Class action suits under the Companies Act, 2013

By Jasleen Oberoi, Rudra Kumar Pandey and Vishal Nijhawan, Shardul Amarchand Mangaldas & Co

A class action enables one or more plaintiffs to file a suit on behalf of a larger group or class, wherein such class has common rights and grievances. Class action is a well-defined area of litigation in the US and can be broadly categorized into securities class action and consumer class action.

Jasleen K Oberoi
Jasleen K Oberoi

The Indian legislature considered instances of corporate fraud in India, primarily the “Satyam scam” while introducing the concept of class action. In this case, no proceedings could be initiated in India due to the absence of any statutory provision for class action. The Companies Act, 2013, addresses this with a provision on class action.

Inclusion of this concept under the statute was also considered and recommended by different committee reports such as the JJ Irani Committee Report, 2005, the 21st report of the Standing Committee on Finance on the Companies Bill, 2009, and the 57th report of the Standing Committee on Finance on the Companies Bill, 2011.

The 2013 act has now introduced the concept of class action under section 245, which has been notified with effect from 1 June.

Section 245 introduces a distinct regime of class actions. A class action can be instituted by specified numbers of members, depositors or any class of them before the National Company Law Tribunal (NCLT, which has been constituted with effect from 1 June), if they are of the opinion that the management or conduct of the company is being conducted in a manner prejudicial to the interest of the company, its members or depositors.

It can be instituted against the company, its directors, its auditor (including the audit firm), any expert, adviser, consultant, or any other person for specified acts or omissions.

Rudra Kumar Pandey
Rudra Kumar Pandey

Reliefs which can be granted in a class action suit include: restraining the company from committing an act that is beyond the authority of the articles of association (AoA) or memorandum of association (MoA) of the company, from committing any act contrary to the provisions of the 2013 act or any other applicable law, and declaring a resolution altering the MoA or AoA of the company as void if the resolution was passed by not disclosing material facts, or by misstatement to the members or depositors. These reliefs are akin to preventive reliefs and are based on the principles under the Specific Relief Act, 1963.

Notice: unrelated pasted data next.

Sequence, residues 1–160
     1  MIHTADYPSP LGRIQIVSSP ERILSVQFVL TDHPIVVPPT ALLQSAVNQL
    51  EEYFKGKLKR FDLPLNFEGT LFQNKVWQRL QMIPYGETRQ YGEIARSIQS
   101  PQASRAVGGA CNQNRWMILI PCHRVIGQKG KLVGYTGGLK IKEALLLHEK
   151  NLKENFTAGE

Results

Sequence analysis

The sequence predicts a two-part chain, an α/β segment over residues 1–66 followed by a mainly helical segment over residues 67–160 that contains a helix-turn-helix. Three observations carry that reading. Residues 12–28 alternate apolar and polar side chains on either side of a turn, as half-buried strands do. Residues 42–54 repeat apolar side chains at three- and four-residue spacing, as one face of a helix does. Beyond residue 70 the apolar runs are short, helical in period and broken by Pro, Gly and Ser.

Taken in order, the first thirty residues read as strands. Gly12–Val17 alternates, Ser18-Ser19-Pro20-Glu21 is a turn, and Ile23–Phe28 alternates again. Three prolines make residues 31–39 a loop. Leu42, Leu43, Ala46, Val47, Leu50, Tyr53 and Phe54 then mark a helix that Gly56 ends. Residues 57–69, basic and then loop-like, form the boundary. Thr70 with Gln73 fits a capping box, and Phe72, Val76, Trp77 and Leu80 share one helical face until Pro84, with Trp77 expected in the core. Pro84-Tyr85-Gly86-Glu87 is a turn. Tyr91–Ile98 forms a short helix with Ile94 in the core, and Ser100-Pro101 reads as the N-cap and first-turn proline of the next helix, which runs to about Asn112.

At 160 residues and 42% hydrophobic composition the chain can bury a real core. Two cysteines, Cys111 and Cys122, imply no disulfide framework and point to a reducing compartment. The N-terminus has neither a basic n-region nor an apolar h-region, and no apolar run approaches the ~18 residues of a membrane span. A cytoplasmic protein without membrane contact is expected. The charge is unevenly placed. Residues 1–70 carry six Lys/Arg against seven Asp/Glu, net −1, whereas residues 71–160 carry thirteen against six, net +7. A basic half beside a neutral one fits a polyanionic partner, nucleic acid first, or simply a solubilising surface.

Section 245 also allows seeking damages or compensation or any other suitable action against the company or its directors, for any fraudulent, unlawful or wrongful act or omission or conduct or any likely act or omission or conduct on their part; its auditor (including audit firms), for any improper or misleading statements of particulars made in the audit report or for any fraudulent, unlawful or wrongful act or conduct; any expert, adviser, consultant or any other person for any incorrect or misleading statements made to the company or for any fraudulent, unlawful or wrongful act or conduct, or any likely act or conduct on their part.

While section 245 prescribes a limit for the fine that may be imposed for non-compliance with NCLT orders, it does not prescribe a limit for the amount of damages or compensation claimable. This exposes the company and other relevant entities and persons to unlimited liability, as if a tortious claim was to be adjudicated in a class action.

Unless section 245 is amended to provide the amount of claimable damages or compensation, clarity on the same will come only from the decisions of NCLT, or the National Company Law Appellate Tribunal (NCLAT, which has been constituted with effect from 1 June) or the Supreme Court of India, as the case may be.

Principles under the 1963 act and under the Contract Act, 1872, are settled and the scope of liability and damages under section 245 of the 2013 act will be settled when this provision is tested by NCLT, NCLAT or the Supreme Court. However, it is vital to impose a limit on the liability of the relevant entities and persons, and to base the damages or compensation on an assessment of actual damage.

Introduction of the provision on class action suits under the 2013 act is likely to have far reaching implications. However, the possibility of misuse of this remedy by filing false and frivolous complaints cannot be ruled out. Therefore, it is important for the relevant authorities to balance the interest of all the parties while deciding a class action suit.

Another important issue is the likely creation of two parallel offences of fraud both emanating from the same cause of action; one under section 245(1)(g) and other under section 447 of the 2013 act. While section 245(1)(g) provides for unlimited damages or compensation or other suitable action, section 447 provides for fine and imprisonment for offence relating to fraud. This may increase the exposure of the relevant entities and persons to the specified liabilities.

Jasleen Oberoi and Rudra Kumar Pandey are partners and Vishal Nijhawan is an associate with Shardul Amarchand Mangaldas & Co.


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